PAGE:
All of a sudden they flashed a message from the CHC [Chief of High Command] to the NPC [National Political Commissar, now Col (Rtd) Amanya Mushega] to go and collect present-day Kabaka of Buganda [Ronald Muwenda Mutebi] from Katuna border post.
The message asked the NPC to organise security and transport for Mutebi. As his chief bodyguard, I was given the task. I got four other soldiers.
We had a Land Rover 110 and one of our supporters gave us an Isuzu Trooper when we got to Katuna.
The prince had come with two other people; the one person I recall well on that team was John Nagenda [senior media adviser to President Museveni]. There was another man called Mawanda.
While there, we were told Mutebi wanted to visit the boys at the frontline, but we could not risk taking him there. We instead took him around Kasese. I was driven in the same car with Mutebi and his team.
The NPC sat at the front while the others and I sat behind the Land Rover 110.
In Kasese, he stayed at Hotel Magharita and met some commanders. He stayed there for close to a month as they cleared the road to Mbarara.
From Kasese, the prince came up to Masaka but did not address rallies. He met a few of our supporters and members of the High Command.
It was the NPC who told him what was happening. Mutebi came up to Nabbingo where the final plans for Kampala were made before going back. We escorted him up to Masaka, left him in a hotel and came back to Nabbingo.
Uganda Airlines plane hijacked
Before he came to Masaka, news came in that Col Serwanga Lwanga [RIP] who had gone with a team to Kampala on a spying mission had been captured in Nateete.
We were in Kasese when the message was flashed to the NPC.
The High Command hatched a rescue plan. I never got to know the details but two days later, around midday, we were at Kasese Airfield with the NPC when I was told there was a plane coming.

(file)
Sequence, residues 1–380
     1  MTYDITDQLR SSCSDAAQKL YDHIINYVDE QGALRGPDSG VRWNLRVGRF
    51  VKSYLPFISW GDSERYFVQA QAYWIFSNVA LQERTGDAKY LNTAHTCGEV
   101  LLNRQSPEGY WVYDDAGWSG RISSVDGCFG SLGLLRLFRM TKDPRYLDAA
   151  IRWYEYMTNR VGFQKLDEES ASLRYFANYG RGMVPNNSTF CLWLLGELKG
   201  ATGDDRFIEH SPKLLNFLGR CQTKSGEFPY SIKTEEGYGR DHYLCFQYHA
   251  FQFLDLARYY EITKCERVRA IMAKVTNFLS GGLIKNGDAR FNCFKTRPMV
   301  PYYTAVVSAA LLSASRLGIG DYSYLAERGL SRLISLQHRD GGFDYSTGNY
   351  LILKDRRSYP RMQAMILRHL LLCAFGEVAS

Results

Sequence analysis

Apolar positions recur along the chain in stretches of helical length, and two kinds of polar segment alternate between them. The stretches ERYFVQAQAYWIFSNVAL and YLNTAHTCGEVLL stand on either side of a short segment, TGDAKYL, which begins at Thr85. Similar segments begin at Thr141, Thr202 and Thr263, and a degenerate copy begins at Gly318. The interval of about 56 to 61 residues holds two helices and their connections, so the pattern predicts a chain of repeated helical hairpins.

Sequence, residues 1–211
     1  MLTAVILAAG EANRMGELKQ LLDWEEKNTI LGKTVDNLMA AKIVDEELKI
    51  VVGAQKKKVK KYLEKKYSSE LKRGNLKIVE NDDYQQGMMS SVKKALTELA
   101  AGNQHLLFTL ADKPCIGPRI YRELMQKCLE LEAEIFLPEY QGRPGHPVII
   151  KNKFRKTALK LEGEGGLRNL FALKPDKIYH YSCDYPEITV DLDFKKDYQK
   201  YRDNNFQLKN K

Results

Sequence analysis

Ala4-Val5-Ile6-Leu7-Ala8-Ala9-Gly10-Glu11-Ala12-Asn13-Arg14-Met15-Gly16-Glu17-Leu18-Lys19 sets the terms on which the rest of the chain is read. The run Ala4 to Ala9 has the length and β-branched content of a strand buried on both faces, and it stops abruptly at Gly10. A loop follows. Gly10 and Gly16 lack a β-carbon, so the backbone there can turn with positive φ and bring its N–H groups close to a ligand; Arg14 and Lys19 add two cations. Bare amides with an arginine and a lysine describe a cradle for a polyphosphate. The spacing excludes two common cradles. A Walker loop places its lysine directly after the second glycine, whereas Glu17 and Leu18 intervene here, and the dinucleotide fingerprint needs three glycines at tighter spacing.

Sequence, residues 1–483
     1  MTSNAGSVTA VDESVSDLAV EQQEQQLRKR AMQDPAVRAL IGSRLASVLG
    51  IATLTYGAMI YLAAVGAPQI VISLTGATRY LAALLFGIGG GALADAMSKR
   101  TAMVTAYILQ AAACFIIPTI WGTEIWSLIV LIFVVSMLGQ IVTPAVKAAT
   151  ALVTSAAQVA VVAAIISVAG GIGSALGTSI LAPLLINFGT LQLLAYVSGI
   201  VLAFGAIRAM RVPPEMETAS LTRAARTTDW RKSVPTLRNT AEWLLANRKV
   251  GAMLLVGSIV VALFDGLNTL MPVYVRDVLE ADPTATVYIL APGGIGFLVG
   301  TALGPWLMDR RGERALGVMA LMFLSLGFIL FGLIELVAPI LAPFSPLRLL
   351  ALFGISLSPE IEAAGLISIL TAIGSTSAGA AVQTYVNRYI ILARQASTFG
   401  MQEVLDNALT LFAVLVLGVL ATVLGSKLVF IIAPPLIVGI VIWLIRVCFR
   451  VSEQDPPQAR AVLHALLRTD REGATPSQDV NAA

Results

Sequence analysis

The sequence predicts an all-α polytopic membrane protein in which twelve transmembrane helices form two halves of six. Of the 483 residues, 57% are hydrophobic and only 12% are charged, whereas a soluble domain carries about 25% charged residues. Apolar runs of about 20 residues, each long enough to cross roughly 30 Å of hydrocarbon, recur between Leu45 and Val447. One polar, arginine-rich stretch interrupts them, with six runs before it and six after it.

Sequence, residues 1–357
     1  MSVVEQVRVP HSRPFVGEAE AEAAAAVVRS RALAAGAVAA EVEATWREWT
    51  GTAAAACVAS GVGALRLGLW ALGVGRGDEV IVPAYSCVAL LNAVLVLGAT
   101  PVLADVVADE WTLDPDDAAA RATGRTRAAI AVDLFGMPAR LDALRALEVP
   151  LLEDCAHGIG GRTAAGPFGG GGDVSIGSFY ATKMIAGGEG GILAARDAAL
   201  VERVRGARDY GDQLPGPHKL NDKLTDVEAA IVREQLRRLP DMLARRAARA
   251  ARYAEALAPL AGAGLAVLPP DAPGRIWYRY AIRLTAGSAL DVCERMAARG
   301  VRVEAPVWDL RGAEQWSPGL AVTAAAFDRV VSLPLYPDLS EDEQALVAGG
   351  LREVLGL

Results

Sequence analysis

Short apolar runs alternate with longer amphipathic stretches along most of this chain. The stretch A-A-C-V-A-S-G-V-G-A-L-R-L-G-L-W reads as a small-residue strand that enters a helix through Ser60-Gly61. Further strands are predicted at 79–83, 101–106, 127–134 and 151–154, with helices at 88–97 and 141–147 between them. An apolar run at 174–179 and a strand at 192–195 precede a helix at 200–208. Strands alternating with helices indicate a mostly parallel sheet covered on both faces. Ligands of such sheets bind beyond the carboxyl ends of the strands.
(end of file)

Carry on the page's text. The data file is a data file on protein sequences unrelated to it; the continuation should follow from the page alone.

I was told to prepare a force to be deployed at the airfield. The plane had been hijacked by our forces and it was to land at the airfield.
At about 2pm, a Uganda Airlines plane landed with 200 passengers on board. One of the personnel who hijacked it was Bisango, now a retired major.
He stepped out first with his pistol raised in the air. I did not identify the other person he was with.
The NPC had already mobilised buses from Kasese Town to take the passengers [hostages]. They were all checked as they boarded the buses to be taken to Hotel Magharita.
At the hotel, security was tight in order for them not to escape. After a few days, a journalist came following that plane; it was Wafula Oguttu, now the Leader of the Opposition in Parliament.
He was referred to me by the other soldiers on guard. I told him, ‘You will not interview anybody, not even the NPC. He is not ready to meet you and you have no permission to be here.’
He had come to cover the war and capture the image of that plane.
Among those in the plane were relatives of Gen Tito Okello. This was a good push for the peace talks in Nairobi as the junta wanted to rescue his relatives on the plane. Meanwhile for the rebels, it was used as bait for the release of our arrested people, including Serwanga Lwanga.
That plane was the catalyst for the peace talks. During the peace talks, we had a ceasefire. After the talks, the plane was flown to Nairobi and Serwanga Lwanga was also released.
Push for Kampala
The final plans to take Kampala were done at Nabbingo. The 11th Battalion, commanded by Chef Ali, was to go through Busega, Masanafu, Kasubi and take Kololo Summit View.
The 5th Battalion was to go through Nalukolongo, cut off Entebbe Road and advance to Entebbe. The 1st Battalion was to go through Rubaga, take Radio Uganda and go to Bugolobi. This was to be reinforced by the 7th Battalion, which was under Stanly Muhangi.
I was under the 11th Battalion of Chef Ali, though I was the head of the NPC’s security.